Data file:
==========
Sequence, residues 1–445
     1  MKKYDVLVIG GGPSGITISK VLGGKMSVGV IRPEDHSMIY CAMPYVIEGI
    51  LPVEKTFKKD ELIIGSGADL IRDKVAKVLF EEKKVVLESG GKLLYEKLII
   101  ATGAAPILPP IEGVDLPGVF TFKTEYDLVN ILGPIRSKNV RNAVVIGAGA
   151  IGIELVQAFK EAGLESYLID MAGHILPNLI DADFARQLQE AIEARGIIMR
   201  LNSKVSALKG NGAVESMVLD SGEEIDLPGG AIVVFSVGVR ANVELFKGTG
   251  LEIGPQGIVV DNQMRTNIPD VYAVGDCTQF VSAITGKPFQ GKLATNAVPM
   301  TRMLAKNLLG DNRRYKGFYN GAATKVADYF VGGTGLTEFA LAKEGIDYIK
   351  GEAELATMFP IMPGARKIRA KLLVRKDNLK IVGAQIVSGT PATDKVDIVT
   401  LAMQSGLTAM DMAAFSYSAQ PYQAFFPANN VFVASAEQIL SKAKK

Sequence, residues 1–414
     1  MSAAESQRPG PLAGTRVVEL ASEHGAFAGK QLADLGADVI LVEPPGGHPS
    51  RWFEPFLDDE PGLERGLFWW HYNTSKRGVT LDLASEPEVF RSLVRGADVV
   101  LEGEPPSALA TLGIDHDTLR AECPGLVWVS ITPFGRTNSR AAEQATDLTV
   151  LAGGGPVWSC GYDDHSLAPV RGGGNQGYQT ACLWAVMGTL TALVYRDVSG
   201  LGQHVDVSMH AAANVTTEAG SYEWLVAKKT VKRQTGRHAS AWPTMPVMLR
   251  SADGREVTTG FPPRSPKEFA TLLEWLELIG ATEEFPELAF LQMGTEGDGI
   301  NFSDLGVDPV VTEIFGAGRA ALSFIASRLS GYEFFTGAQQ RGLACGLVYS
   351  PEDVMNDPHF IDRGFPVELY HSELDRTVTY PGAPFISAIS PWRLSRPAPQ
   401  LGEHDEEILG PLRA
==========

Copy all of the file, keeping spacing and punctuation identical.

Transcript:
Sequence, residues 1–445
     1  MKKYDVLVIG GGPSGITISK VLGGKMSVGV IRPEDHSMIY CAMPYVIEGI
    51  LPVEKTFKKD ELIIGSGADL IRDKVAKVLF EEKKVVLESG GKLLYEKLII
   101  ATGAAPILPP IEGVDLPGVF TFKTEYDLVN ILGPIRSKNV RNAVVIGAGA
   151  IGIELVQAFK EAGLESYLID MAGHILPNLI DADFARQLQE AIEARGIIMR
   201  LNSKVSALKG NGAVESMVLD SGEEIDLPGG AIVVFSVGVR ANVELFKGTG
   251  LEIGPQGIVV DNQMRTNIPD VYAVGDCTQF VSAITGKPFQ GKLATNAVPM
   301  TRMLAKNLLG DNRRYKGFYN GAATKVADYF VGGTGLTEFA LAKEGIDYIK
   351  GEAELATMFP IMPGARKIRA KLLVRKDNLK IVGAQIVSGT PATDKVDIVT
   401  LAMQSGLTAM DMAAFSYSAQ PYQAFFPANN VFVASAEQIL SKAKK

Sequence, residues 1–414
     1  MSAAESQRPG PLAGTRVVEL ASEHGAFAGK QLADLGADVI LVEPPGGHPS
    51  RWFEPFLDDE PGLERGLFWW HYNTSKRGVT LDLASEPEVF RSLVRGADVV
   101  LEGEPPSALA TLGIDHDTLR AECPGLVWVS ITPFGRTNSR AAEQATDLTV
   151  LAGGGPVWSC GYDDHSLAPV RGGGNQGYQT ACLWAVMGTL TALVYRDVSG
   201  LGQHVDVSMH AAANVTTEAG SYEWLVAKKT VKRQTGRHAS AWPTMPVMLR
   251  SADGREVTTG FPPRSPKEFA TLLEWLELIG ATEEFPELAF LQMGTEGDGI
   301  NFSDLGVDPV VTEIFGAGRA ALSFIASRLS GYEFFTGAQQ RGLACGLVYS
   351  PEDVMNDPHF IDRGFPVELY HSELDRTVTY PGAPFISAIS PWRLSRPAPQ
   401  LGEHDEEILG PLRA